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Dominant Bayern Munich expose gap between themselves, Juventus

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Perhaps we got a little too caught up in the Juventus mystique. Or maybe as fans who are used to a strong Serie A, we’re still coming to grips with Italy’s regression. A closer examination of Juve’s fixture list would have told us the Bianconeri had yet to be tested by a true Champions League-contender, yet we convinced ourselves: This one was going to be close.

Then again, Tuesday could have just been a bad day. And this tie is far from over. Yet after 90 minutes in Germany we’re at a loss, left to brainstorm possible for explanations after the Old Lady’s performance in Munich, a 2-0 Champions League defeat to Bayern Munich that could have been much worse.

If Gianluigi Buffon wasn’t good for seven saves and some key decisions to clean up balls sent into his area, this would have ugly. And if Bayern had been more clinical with their myriad chances, this tie would be over. But as it stands, Juventus are fortunate to be heading back to Italy with their European hopes on life support.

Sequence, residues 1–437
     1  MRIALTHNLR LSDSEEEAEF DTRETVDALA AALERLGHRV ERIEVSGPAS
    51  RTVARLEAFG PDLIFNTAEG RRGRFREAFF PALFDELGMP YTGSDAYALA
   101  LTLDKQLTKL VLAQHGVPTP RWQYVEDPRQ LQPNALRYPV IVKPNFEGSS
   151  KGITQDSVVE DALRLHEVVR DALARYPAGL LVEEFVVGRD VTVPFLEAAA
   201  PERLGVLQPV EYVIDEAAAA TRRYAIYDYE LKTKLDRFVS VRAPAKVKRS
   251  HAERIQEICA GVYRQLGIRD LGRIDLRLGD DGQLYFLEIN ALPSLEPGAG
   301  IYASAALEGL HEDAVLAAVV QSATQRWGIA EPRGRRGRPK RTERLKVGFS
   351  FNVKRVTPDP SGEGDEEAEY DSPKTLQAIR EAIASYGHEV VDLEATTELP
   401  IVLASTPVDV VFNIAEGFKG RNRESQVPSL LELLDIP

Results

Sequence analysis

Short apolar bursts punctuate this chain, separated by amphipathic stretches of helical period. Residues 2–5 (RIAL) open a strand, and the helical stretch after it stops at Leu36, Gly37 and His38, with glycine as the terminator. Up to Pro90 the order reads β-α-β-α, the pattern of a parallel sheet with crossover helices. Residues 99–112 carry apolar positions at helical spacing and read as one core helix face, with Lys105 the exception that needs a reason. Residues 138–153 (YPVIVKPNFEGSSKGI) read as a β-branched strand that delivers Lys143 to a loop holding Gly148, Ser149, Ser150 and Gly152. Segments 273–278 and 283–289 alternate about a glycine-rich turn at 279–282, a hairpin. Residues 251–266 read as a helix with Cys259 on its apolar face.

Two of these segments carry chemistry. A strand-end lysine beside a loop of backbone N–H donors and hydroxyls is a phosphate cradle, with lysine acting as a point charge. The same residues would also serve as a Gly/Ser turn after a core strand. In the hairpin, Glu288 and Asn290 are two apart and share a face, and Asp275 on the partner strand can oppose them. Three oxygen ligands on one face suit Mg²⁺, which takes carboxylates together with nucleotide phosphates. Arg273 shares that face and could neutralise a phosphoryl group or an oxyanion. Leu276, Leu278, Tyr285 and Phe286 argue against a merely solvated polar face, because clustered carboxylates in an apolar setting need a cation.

(MORE: Messi injury leaves PSG-Barca open to interpretation.)

Worst start possible

All our pre-match talk about Bayern needing to execute went out the window within a minute. That’s when a shot from 30-plus yards beat one of the world’s best keepers, leaving us to debate how much blame Buffon should shoulder.

On one hand, there’s almost never a reason to allow a goal from that distance, particularly when you’re not screened. If the ball isn’t some kind of Roberto Carlos rocket, you’re out of excuses. From half way between the center line and the edge of the area, world-class goalkeepers should adjust to all but the most aberrational scenarios.

Yet when you see replays from behind the goal, David Alaba’s shot looks like an aberration. Though it wasn’t well hit, the Bayern defender’s shot was hit strangely, the ball buckling in mid-air before diving toward the lower right hand corner. By then, Buffon had already committed to a shot that looked to be headed to his right. Caught off-balance as the ball broke, Buffon couldn’t get back across goal.